Speaking to the New York Times earlier this week, Medina questioned the legitimacy of the new one-day format for the WSL Finals. âI don’t like it because I don’t think it’s fair. You spend your life, one year, and now the last event of September, are you going to decide all year? he said.
Medina won her third world title on Tuesday, beating Toledo in the best-of-three match using an arsenal of progressive aerial maneuvers that included a superb backflip that secured her the second inning when the judges awarded her a 9.03 (on 10 possible). Soon after, Hawaiian Carissa Moore won her fifth world title against Brazilian Tatiana Weston-Webb in the women’s final to close one of the most impressive seasons in professional surfing history – a season that has left her behind. also won the first ever Olympic gold medal for surfing. in Tokyo 2020.
“I don’t think I could have asked for anything more or written it better,” Moore said in his post-game interview.
Beyond changes in the way the organization crowns champions, the WSL has also redesigned its circuits by combining for the first time men’s and women’s events and expanding its league to a three-tier competition designed to channel surfers. from regional qualifying circuits to the new challengers series, where surfers can then qualify for a spot on the championship circuit. The WSL has also made changes to the championship tour schedule venues, including the introduction of a mid-season cut that will reduce the field to 24 men and 12 women (down from 36 and 18 respectively). By overhauling its touring structure to emphasize suspense and excitement, the WSL hopes to attract a larger audience that can generate millions of dollars in sales and sponsorship income and save them from being faced with a fate similar to that of its predecessors.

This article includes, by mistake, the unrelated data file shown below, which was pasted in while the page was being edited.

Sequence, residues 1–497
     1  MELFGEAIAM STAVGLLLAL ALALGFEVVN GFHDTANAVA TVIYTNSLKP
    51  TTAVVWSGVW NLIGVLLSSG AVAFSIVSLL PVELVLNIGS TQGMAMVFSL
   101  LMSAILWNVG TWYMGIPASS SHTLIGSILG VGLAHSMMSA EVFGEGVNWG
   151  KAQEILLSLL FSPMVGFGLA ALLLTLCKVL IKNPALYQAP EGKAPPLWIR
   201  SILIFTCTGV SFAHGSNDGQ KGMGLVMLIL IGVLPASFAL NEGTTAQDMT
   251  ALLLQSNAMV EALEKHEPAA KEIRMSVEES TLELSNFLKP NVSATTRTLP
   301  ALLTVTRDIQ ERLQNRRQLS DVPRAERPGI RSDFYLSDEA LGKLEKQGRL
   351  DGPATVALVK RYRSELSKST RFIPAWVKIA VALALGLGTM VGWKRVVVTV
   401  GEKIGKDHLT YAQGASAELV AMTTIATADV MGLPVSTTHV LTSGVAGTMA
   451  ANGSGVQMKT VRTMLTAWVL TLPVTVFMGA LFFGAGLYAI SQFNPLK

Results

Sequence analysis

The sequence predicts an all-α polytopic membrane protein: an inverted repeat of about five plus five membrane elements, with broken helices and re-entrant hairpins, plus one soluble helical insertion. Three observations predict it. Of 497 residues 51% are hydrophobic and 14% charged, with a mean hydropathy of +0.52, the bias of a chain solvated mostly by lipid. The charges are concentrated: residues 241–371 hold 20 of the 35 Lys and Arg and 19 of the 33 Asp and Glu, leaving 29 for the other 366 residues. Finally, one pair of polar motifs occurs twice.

Much like the ocean, the popularity of surfing has fluctuated over the past few decades. The International Professional Surfers (IPS) was the original global governing body for professional surfing between 1976 and 1982, replaced by the Association of Surfing Professionals (ASP) in 1983. With the help of surf brands such as Billabong and Quicksilver, the ASP has cemented competitive structure and world touring. However, as the swim and board shorts brands fell out of favor as fashion statements and filed for bankruptcy, ASP faced looming disaster.